5. Transfer sauce mixture into frypan and bring sauce to a simmer over medium-low heat. Add cornflour mixture and whisk constantly, until mixture thickens, approx. 1 minute. Remove from heat.
  6. Glaze meatballs with sweet and sour sauce and bake for 20 minutes until golden and glaze begins to caramelise.
  7. To serve, glaze meatballs with additional sauce and serve with jasmine rice, stir-fry vegetables and Kewpie mayonnaise, or as part of a party platter.

Banana Pikelets

Skill Level

Easy

  • Recipe
  • Info
  • Ingredients
  • Instructions

Banana Pikelets

Developed by Accredited Practicing Dietitian and Accredited Nutritionist, Joel Feren, featuring the purest choice, Capilano Organic.

Ingredients

1 cup wholemeal flour
1½ tsp. baking powder
2 medium bananas, mashed
¼ cup Capilano Organic honey
¾ cup milk
1 tsp. vanilla essence
  1. Whisk milk and egg together in a small mixing bowl.
  2. Sift flour into a large mixing bowl then add baking powder.
  3. Add milk and egg mixture to dry ingredients followed by honey, vanilla essence, and honey. Whisk well to combine.
  4. Heat a frying pan over medium heat. Grease with pure butter to prevent sticking.
  5. Use a soup ladle to add a small amount of mixture to the pan. Cook for 1-2 minutes, or until small bubbles appear on the surface.
  6. Turn pikelet over and cook other side for further 1 minute, or until golden brown.
  7. Repeat the process using the remaining mixture.
  8. Serve with drizzled Capilano honey and fresh banana.

Honey Mustard Chicken Potato Bake

Skill Level

Intermediate

  • Recipe
  • Ingredients
  • Instructions

Honey Mustard Chicken Potato Bake

Honey Mustard Chicken and Potato Bake? It doesn't get much better than this delicious combination to warm up on a cold winter evening.


Key equipment: Cast Iron Casserole Pot, Spray Oil, Measuring Cups
Honey Swap: 100%

Ingredients

1 tbsp vegetable oil
1 kg chicken thigh fillets, skin on
Sea salt & black pepper
250g streaky bacon, finely chopped
600g baby potatoes, skin-on, halved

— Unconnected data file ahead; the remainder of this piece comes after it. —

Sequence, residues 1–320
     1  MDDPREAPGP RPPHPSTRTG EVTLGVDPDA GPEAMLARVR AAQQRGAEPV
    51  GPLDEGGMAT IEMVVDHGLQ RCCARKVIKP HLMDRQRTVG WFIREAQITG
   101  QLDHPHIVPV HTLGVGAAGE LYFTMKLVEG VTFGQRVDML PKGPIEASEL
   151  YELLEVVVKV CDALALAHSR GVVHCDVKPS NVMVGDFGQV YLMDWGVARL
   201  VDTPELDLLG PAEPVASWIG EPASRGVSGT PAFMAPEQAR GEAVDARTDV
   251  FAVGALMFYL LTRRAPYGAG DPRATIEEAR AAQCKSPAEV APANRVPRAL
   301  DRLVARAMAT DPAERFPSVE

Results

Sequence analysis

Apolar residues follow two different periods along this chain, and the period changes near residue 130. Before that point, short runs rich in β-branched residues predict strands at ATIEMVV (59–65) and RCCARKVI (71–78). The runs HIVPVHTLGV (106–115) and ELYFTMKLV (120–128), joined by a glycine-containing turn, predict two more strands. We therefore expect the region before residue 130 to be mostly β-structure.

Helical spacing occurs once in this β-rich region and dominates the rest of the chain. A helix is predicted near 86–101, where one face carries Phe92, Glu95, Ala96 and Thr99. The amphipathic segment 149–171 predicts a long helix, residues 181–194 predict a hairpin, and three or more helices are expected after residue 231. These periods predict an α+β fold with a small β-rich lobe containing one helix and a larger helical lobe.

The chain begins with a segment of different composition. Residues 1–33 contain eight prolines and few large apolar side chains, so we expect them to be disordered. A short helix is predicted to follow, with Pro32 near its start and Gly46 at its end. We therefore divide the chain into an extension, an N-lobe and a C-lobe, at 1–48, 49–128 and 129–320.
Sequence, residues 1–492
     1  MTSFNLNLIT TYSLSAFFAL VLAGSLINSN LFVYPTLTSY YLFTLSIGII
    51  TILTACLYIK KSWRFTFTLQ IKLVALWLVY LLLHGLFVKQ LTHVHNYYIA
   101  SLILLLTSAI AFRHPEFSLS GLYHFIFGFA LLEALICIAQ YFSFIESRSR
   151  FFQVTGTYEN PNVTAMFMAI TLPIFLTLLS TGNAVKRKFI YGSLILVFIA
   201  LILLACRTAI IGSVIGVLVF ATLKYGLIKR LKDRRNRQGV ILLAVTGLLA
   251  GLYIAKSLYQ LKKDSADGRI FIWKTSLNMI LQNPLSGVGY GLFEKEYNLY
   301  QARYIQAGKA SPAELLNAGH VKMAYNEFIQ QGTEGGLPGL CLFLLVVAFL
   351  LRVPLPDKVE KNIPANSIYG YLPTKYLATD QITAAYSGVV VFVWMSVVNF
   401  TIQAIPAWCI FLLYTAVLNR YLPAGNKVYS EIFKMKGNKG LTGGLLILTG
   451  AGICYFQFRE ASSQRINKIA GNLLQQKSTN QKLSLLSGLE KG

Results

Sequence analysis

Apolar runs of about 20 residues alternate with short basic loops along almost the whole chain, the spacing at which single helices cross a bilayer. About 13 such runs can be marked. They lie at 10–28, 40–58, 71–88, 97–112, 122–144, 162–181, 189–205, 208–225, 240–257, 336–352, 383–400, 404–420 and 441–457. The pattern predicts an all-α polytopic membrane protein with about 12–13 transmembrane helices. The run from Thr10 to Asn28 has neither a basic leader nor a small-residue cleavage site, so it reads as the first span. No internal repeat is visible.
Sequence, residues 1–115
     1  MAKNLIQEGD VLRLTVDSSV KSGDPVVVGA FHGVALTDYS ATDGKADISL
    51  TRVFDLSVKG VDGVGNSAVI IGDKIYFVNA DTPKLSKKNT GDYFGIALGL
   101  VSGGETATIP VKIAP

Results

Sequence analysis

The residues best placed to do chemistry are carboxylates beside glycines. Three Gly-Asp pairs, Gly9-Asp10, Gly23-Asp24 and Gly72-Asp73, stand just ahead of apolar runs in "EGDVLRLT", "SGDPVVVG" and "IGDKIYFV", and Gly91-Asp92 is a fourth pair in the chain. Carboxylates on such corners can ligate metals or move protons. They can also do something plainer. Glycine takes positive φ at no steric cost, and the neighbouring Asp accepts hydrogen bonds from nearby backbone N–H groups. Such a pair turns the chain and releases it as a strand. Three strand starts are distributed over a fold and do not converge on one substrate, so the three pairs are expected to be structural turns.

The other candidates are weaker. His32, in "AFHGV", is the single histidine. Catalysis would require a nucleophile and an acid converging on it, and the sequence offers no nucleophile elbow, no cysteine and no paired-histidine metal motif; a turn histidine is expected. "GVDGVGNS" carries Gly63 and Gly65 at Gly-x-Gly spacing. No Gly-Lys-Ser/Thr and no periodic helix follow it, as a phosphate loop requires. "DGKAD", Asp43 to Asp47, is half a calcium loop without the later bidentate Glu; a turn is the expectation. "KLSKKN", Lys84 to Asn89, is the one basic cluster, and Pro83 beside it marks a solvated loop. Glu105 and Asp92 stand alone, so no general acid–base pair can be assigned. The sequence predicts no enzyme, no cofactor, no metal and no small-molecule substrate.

3 cloves garlic, peeled and finely sliced
250ml (1 cup) pouring cream
2 ½ tbsp Dijon mustard
60g (2 ½ tbsp) Capilano Pure Honey
1 cup chicken stock
Thyme sprigs, to serve
Crusty bread (or garlic bread), Steamed greens (broccolini, snow peas) to serve
  1. Preheat oven to 180°C (fan-forced).
  2. Add bacon and potato to pot and cook for 5-6 minutes until golden. Add cream, garlic, mustard and stock, mix well. Add chicken back to pot and bring to a simmer.
  3. Cover pot with lid and cook in oven for 15 minutes. Remove lid, add thyme sprigs and cook an additional 10 minutes until surface is golden and potatoes are soft.
  4. Serve with steamed greens dressed in olive oil and sea salt flakes,and add an extra squeeze of honey to the casserole pot to serve.

Sticky Date Honey Cake

Skill Level

Intermediate

  • Recipe
  • Info
  • Ingredients
  • Instructions

Sticky Date Honey Cake

This classic winter treat will warm you to your toes! We have recreated this family favourite to swap out the brown sugar for our honey in the cake and divine salted honey sauce.

Key equipment: Food Processor, Kitchen Scales, Spray Oil, Measuring Cups
Honey Swap: 100%

Prep-ahead tips:
• Cake can be prepared and frozen for up to 8 weeks. See how in steps below.
• Honey caramel sauce can be prepared up to 2 weeks ahead and stored in a jar in the fridge. Gently warm by standing unopened jar in warm water, or microwave for 10-20 seconds to soften before serving.

General recipe tips:
• If you don’t have a food processor, this recipe can be mixed together with hand held beaters or a stand mixer. The dates will need to be finely chopped before soaking or pureed after soaking if you can.
• It is best to follow this recipe by the grams weight, affordable kitchen scales can be purchased at most supermarkets.
• Don’t forget to use a little cooking spray or vegetable oil in your measuring cup/bowl before weighing honey into it – this helps prevent honey sticking to the cup.
• If your cake begins to brown, be sure to cover it with foil – this is just because honey browns a little quicker than table sugar.

Ingredients

150ml boiling water
180g dried pitted dates, roughly chopped
1 ½ tsp bicarb soda
100g unsalted butter
150g Capilano Pure Honey
2 tsp vanilla extract
2 large eggs
200g (1 1/3 cups) plain flour or gluten-free plain flour
1 tsp baking powder
1 ½ tsp ground ginger
½ tsp ground cinnamon

SALTED HONEY SAUCE
200g caster sugar
125g Capilano Pure Honey
2 tsp water
250g sour cream
1 tsp vanilla bean paste
50g unsalted butter, chopped
½ tsp sea salt flakes

Ice cream or Greek-style yoghurt, to serve.

  1. Place dates in a medium heat proof bowl and sprinkle with bicarb soda. Top with boiling water and set aside for 20 minutes to soften.
  2. In a small saucepan or microwave safe bowl, combine butter, honey and vanilla extract. Heat on medium, stirring every 30 seconds until combined. Be careful not to over heat. Set aside to cool for 5 minutes.3
  3. Preheat oven to 160°C (fan-forced). Grease and line the base and sides of a 20cm springform cake tin with baking paper.4
  4. In a food processor, combine dates and water mixture, pulse until smooth. Add all remaining cake ingredients, pulse until just combined.5
  5. Transfer mixture to prepared tin and bake for 45 minutes, then remove from oven and cover cake with foil to prevent excess browning. Return to oven for an additional 15 minutes or until an inserted skewer comes out clean. Allow to cool for 15 minutes in tin before inverting onto serving plate. If the cake is slightly domed, use a serrated knife to carefully level before inverting.